City of Boston Announces Affording Housing Projects to Receive Funding

The City of Boston is investing $40 million to create and preserve 718 units of affordable housing in Jamaica Plain, Dorchester, Chinatown, Hyde Park, and Roxbury, Mayor Michelle Wu announced Tuesday. 

“[It’s] a huge number that we’re really excited to see make a difference,” Wu said in an interview with Spare Change News.

The funded projects were recommended by the Mayor’s Office of Housing, the Neighborhood Housing Trust, and the Community Preservation Fund, Wu’s office said in a statement. Projects that will receive funding include rental housing for families, seniors, and individuals with disabilities. They will comply with the Mayor’s Office of Housing standards for zero-emissions buildings and represent transit-oriented green development. The initiative will also create new homeownership opportunities for low- and moderate-income Bostonians. 

About $20 million in municipal and federal funds for the projects will be administered by the Mayor’s Office of Housing, the statement said.The Neighborhood Housing Trust also invested more than $7 through the City’s Linkage policy, which extracts affordable housing funds from developers of large commercial projects, and more than $14.6 million in funding would come through a recommendation made by the Community Preservation Committee.

“Housing stability has to be the foundation for our recovery,” Wu said. “And that means we need to jump on every possible opportunity, whether it is creating new affordable housing or renovating existing housing or boosting home ownership so more people can have control over their housing costs and that kind of stability.”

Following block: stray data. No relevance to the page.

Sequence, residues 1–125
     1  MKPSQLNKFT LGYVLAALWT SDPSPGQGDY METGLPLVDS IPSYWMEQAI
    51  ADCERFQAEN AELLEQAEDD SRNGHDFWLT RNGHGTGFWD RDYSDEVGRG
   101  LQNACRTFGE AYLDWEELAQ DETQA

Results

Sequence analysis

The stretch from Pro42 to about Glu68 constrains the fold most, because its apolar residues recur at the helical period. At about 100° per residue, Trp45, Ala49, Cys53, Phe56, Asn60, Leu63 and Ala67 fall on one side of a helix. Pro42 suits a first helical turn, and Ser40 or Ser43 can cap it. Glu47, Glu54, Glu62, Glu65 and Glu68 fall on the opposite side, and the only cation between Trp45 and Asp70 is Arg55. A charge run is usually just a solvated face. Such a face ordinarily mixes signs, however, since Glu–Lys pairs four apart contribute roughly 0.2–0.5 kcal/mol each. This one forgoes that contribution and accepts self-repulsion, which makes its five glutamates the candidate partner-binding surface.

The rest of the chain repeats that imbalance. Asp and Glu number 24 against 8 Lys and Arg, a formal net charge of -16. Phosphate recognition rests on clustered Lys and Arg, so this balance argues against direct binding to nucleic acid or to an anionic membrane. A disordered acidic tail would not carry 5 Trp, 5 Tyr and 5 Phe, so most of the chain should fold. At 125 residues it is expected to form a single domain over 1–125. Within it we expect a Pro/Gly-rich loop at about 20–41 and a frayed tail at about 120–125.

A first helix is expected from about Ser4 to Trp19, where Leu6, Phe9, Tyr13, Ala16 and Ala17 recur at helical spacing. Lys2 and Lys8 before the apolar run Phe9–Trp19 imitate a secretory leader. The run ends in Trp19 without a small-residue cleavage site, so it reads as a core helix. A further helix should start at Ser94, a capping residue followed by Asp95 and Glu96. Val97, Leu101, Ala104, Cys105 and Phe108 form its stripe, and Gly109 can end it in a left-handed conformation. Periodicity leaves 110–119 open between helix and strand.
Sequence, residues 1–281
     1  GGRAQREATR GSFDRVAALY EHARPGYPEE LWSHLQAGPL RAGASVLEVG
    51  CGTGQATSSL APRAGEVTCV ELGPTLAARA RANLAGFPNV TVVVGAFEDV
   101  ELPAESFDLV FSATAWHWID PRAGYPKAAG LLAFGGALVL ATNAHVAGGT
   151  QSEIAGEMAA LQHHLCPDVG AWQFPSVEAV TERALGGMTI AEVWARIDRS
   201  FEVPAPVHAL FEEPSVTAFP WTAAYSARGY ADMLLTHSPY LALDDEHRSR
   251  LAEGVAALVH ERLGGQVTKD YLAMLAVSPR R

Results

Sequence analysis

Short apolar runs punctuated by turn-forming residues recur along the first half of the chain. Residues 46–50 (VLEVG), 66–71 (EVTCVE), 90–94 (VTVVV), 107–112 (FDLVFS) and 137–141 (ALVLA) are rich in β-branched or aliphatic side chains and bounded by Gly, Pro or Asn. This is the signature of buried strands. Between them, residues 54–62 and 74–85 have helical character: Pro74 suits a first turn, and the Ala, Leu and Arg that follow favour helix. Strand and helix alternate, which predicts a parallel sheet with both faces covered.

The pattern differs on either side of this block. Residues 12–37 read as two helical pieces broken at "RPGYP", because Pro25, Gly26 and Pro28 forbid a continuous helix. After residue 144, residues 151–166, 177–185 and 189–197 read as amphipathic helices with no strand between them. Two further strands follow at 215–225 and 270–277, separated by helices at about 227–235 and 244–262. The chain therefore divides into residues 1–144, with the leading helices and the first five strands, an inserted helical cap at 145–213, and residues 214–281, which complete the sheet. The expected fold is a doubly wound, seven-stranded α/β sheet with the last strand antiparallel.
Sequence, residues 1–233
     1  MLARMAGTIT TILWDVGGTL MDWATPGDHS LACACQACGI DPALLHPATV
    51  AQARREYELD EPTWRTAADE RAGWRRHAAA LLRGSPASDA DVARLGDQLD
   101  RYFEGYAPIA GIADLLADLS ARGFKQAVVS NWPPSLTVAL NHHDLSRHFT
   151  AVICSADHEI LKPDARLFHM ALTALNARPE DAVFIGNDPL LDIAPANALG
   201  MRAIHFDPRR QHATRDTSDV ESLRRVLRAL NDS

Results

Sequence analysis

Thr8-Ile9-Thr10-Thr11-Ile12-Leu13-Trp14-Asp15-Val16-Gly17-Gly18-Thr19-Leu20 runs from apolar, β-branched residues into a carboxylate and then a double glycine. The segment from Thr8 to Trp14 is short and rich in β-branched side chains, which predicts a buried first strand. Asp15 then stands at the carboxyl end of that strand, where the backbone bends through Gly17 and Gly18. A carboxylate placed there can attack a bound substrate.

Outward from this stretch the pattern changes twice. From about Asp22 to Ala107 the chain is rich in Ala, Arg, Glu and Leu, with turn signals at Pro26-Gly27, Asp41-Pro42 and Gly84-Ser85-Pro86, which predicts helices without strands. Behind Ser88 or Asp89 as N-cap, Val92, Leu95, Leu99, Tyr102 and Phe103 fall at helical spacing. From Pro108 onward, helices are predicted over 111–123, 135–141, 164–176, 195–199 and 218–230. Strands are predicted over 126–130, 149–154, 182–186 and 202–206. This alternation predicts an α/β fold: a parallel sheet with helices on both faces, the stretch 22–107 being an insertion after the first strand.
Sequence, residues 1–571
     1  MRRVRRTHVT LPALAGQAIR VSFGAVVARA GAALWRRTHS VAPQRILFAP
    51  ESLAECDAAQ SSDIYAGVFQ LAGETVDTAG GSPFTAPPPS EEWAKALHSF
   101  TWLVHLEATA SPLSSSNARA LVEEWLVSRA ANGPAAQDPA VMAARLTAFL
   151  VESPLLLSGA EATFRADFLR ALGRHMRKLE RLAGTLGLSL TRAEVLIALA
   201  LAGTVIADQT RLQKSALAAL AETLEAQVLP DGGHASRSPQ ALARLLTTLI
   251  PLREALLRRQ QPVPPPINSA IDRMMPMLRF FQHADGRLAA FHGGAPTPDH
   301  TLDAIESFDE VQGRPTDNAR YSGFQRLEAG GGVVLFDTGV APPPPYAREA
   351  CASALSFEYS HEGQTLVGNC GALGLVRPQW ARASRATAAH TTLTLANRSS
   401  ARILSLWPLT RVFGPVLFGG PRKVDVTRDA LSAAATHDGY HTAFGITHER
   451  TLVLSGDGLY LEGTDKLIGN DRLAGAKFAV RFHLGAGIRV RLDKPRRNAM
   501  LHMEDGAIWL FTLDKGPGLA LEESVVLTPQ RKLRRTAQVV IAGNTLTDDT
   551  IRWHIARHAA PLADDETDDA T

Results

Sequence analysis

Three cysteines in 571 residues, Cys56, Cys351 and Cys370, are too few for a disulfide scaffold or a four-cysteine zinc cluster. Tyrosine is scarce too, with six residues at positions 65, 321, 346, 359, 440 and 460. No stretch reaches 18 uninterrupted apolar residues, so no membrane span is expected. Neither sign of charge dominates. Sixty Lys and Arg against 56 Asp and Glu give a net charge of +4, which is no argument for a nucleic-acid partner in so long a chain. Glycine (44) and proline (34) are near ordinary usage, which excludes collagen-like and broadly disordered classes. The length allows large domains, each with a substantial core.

“There’s lots of ways that the City of Boston can continue to support activism around housing stability as well,” Wu said. 

The City of Boston issued two requests for proposals in August offering funds for affordable housing developments, the statement said. There were 14 projects that were prioritized by the Mayor’s Office of Housing, then the Department of Neighborhood Development, the Community Preservation Committee, and the Neighborhood Housing Trust.

The proposals include allocating $3.5 million to Beacon Communities & Chinese Consolidated Benevolent Association for the development of the 288 Harrison Residence, an 85 unit mixed-income development that will bring new affordable and income-restricted housing to Chinatown, the statement said. Another $2.5 million would go towards the construction of VietAID’s Hamilton at Mt. Everett in Dorchester, a four-story development with 36 one-bedroom income-restricted apartments, designed for individuals and couples 62 years and older.

About $2.1 million would go to towards the Codman Square Neighborhood Development Corporation’s Talbot Commons II to create 42 income-restricted rental units on two vacant city-owned parcels in Dorchester. The project “provides a variety of unit sizes to accommodate small and large households,” according to the City’s statement.

Developers are required to agree to long-term affordability for all income-restricted units in order to receive funding to ensure that the units will remain affordable, the statement said. 

“All rental projects are permanently deed-restricted, and all homeownership projects are deed-restricted for 50 years,” the statement said “In addition, developers of rental projects are required to set aside at least 10% of their units for homeless households, and projects that offered additional units at lower AMI levels received priority in the evaluation process.”

Wu said that the city will continue to look for ways to provide affordable housing.

“There’s much, much more need out there,” Wu said, “but the city has a chance to really be a key partner in financing and moving forward very significant affordable housing developments.”



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